Today’s students, tomorrow’s modern artists

FHC’s AP Studio students will be publicly displaying their work in an augmented reality exhibition this week.

Gillian Pendel

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Senior Nina Siefert designs her trigger for the gallery.

For many young artists, publicly displaying their work is something that cannot be achieved until adulthood. The AP Studio class, however, will be promoting their work in their first public gallery of the school year this week. The gallery is called “Perception: An Exhibition in Augmented Reality” and it will be hosted at the Lillian Yahn Gallery in O’Fallon.

What makes this gallery stand out from other high school art shows is stated in its title: it utilizes augmented reality. Through an app called Aurasma, the students create a “trigger,” usually a Sharpie drawing, and take a picture of it. They create an “overlay,” of their piece, and attach it to the trigger. Using the camera on the app, the viewer then points their camera at the trigger, which is framed and hung up, and on their phone, the overlay of the students’ work will appear over the trigger.

When asked why the choice was made to use this media rather than going a traditional route, Judy Switzer, the AP Studio teacher who is organizing and hosting the exhibition, says it was in order to modernize the gallery and connect artwork with modern technology.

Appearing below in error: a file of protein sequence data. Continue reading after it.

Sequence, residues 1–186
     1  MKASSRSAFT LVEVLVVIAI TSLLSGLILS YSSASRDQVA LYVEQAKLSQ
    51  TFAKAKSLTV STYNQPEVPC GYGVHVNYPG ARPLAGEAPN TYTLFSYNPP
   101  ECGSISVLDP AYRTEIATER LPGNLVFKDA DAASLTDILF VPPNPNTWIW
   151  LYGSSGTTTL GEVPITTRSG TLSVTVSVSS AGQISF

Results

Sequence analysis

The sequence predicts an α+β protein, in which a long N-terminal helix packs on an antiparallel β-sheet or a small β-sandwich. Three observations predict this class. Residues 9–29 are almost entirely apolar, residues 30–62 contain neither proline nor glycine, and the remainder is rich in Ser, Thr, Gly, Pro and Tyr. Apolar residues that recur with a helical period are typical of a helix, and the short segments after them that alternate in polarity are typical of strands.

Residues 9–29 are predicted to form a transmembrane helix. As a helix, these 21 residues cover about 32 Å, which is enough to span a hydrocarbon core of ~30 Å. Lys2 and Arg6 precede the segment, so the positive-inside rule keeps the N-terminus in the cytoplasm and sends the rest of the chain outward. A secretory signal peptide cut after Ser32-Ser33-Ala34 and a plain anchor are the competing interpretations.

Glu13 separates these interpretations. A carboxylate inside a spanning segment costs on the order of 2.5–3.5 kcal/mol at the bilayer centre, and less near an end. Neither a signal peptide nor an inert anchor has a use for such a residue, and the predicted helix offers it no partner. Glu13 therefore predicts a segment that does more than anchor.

“I think that it’s important to make sure myself and my students are engaged in technology,” Mrs. Switzer said. “I think that it adds an extra dimension to the experience and looking at artwork.” 

In addition to being incredibly useful to the students, the augmented reality gallery is meant to be beneficial to the local community as well. Cameryn Miller, senior, hopes it will keep traditional art relevant.

“I hope that people can realize how technology and art are coming together more,” Miller said. “It [modern artwork] can become more involved in people’s lives and stay current.”

For many students, this is their first opportunity to publicly display their work. Senior Lauren Thompson is looking forward to this as a chance to improve as an artist and gain real world experience.

“I want to put the better stuff out,” Thompson said. “I’ll work harder on [my art] if I want to put them in exhibits.”

The gallery will take place at the Lillian Yahn Gallery in O’Fallon, and the street address is 7443 Village Center Drive. It will run from Thursday, November 2nd, to Friday, November 17th.